|Israel and Egypt discuss Golan withdrawal|
|Written by Chris Perver|
|Thursday, 27 December 2007 05:00|
Egyptian President Hosni Mubarak has presented Israeli Defence Minister Ehud Barak with a full plan for an Israeli disengagement from the Golan Heights, according to the United Arab Emirates newspaper Al-Bayan. The proposal was discussed during a meeting between the two leaders in Egypt yesterday. Egypt and Israel have been seeking to break up the Syrian-Iranian alliance, which is presently threatening to destabilize the Middle East. In order to accomplish this, Israel would be required to relinquish control of the Golan Heights, which were captured during the Six Day War.
Quote: "Israel would gradually withdraw its forces, destroy its vibrant communities and expel its Jewish residents from the area over a period of 10 to 15 years, according to the plan. The withdrawal and expulsion would be followed by deployment of Egyptian, Russian and U.S. troops in the area. Mubarak also suggested that Egypt mediate between Israel and Syria in order to bring both back to the table.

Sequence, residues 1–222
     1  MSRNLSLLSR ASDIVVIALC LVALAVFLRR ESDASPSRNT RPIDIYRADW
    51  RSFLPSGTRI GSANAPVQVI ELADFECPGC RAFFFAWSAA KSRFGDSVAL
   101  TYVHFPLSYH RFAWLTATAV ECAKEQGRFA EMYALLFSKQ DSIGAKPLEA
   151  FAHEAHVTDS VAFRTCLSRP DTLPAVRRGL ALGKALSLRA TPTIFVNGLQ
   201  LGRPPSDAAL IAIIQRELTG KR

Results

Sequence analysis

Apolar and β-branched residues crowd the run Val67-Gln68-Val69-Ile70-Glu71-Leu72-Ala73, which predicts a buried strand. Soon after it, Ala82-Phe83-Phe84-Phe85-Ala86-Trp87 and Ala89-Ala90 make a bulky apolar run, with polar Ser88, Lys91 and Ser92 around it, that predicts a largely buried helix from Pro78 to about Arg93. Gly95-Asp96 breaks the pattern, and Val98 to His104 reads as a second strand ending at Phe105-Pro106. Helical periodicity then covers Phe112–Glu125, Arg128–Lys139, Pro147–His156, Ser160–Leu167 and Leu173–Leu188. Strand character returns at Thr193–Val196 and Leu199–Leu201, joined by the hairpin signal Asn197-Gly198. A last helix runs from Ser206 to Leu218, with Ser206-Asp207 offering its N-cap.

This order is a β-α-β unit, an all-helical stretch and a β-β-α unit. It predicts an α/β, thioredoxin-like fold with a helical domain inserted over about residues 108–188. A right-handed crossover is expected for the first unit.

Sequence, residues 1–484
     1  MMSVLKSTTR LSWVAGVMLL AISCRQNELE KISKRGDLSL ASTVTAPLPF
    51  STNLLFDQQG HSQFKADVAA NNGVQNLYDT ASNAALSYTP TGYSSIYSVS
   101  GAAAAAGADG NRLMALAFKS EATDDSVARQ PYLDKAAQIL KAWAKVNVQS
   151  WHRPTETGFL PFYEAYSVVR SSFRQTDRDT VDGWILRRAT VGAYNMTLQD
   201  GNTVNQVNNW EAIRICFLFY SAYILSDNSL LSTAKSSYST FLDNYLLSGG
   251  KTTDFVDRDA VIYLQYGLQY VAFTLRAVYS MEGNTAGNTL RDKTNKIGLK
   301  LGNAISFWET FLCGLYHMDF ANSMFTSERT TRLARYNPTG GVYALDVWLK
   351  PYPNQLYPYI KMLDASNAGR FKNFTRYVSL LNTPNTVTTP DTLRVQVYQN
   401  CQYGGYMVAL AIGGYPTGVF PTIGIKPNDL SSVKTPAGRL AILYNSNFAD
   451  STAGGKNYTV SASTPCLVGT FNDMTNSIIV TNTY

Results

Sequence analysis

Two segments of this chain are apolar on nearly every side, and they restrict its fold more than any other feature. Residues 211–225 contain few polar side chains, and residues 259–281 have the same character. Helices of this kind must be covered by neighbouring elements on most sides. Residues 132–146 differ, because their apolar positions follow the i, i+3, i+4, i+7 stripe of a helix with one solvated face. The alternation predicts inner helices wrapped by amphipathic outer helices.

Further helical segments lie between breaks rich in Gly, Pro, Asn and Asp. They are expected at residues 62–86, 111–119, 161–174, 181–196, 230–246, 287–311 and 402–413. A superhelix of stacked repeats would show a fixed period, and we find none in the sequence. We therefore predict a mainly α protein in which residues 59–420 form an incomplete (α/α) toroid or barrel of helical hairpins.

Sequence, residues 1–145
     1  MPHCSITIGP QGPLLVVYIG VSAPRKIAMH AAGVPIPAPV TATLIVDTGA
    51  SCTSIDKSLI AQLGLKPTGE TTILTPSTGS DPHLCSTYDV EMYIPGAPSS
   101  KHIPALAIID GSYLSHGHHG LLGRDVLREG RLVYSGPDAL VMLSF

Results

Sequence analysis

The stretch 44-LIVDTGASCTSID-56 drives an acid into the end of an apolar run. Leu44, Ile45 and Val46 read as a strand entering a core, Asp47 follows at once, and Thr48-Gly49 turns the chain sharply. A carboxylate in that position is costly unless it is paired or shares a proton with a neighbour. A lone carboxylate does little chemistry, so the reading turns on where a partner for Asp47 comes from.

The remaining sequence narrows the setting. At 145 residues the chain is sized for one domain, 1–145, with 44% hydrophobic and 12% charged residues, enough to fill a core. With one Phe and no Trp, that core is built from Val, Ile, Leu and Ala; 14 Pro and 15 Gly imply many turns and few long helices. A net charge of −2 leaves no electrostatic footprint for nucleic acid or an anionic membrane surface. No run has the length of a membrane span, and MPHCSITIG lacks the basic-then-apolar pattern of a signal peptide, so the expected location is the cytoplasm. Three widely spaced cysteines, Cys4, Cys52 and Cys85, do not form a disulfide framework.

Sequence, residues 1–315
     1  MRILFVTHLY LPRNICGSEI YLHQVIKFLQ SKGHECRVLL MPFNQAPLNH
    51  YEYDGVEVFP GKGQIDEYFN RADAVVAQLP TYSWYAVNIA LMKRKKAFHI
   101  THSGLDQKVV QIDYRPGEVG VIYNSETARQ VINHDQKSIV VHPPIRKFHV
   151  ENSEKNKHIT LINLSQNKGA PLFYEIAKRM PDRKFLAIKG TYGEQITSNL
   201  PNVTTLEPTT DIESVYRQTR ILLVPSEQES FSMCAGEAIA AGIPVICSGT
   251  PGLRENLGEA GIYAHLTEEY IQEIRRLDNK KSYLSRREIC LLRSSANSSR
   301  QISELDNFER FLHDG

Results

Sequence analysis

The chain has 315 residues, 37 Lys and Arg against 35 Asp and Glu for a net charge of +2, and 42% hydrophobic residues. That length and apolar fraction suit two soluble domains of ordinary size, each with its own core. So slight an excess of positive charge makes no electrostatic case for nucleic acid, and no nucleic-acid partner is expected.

Israel has been seeking for the resumption of peace negotiations with Syria, which had broken off following the outbreak of the Second Lebanon War. In return for a withdrawal from the strategic territory, Israel has been asking Syrian President Bashar Assad to end its support for terrorist organizations operating in the region. Secret negotiations between Israel and Syria have been going on for some time, mediated through the European Union. It is reported that the parties have reached an agreement on the future of the Golan Heights, but the leaders of the two nations have so far been unwilling to admit publicly that any such agreement exists. As we can see Russia will continue to play a big part in the Middle East conflict. Russia is a major arms exporter to the Arab nations, and just this week agreed to ship advanced S300 anti-aircraft systems to Iran, to help defend the country's nuclear installations. With Russian troops soon to be operating on Israel's northern border, the prospect of a future Russian-Arab invasion of Israel draws ever closer.